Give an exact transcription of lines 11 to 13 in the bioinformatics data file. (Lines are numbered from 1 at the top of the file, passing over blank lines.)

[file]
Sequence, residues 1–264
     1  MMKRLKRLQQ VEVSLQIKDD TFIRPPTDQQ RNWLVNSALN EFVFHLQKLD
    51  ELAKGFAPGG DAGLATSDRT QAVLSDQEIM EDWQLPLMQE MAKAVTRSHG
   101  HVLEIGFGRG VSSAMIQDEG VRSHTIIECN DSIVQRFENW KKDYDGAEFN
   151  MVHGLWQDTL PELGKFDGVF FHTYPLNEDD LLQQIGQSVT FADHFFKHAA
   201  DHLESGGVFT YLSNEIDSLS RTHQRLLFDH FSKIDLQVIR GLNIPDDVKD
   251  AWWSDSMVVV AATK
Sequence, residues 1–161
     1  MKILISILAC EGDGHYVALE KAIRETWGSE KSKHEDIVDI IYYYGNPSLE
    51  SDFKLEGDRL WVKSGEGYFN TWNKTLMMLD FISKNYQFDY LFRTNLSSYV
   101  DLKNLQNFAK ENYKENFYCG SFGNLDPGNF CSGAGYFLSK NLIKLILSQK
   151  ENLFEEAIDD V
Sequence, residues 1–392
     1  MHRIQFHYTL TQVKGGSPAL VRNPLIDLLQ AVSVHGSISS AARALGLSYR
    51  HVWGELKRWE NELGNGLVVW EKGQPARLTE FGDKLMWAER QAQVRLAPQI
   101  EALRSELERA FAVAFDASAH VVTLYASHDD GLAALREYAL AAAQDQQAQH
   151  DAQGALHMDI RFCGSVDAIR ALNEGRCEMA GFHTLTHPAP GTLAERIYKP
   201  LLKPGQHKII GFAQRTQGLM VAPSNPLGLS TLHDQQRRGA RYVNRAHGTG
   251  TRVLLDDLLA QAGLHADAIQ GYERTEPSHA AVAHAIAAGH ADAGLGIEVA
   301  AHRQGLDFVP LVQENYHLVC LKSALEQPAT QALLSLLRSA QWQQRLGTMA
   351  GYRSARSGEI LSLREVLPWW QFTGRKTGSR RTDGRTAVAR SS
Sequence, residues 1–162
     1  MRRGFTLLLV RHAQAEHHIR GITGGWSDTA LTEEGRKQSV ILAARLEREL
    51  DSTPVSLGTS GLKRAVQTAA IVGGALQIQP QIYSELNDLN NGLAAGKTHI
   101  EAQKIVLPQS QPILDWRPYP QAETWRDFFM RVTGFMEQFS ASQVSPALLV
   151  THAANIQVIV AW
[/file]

   101  DLKNLQNFAK ENYKENFYCG SFGNLDPGNF CSGAGYFLSK NLIKLILSQK
   151  ENLFEEAIDD V
Sequence, residues 1–392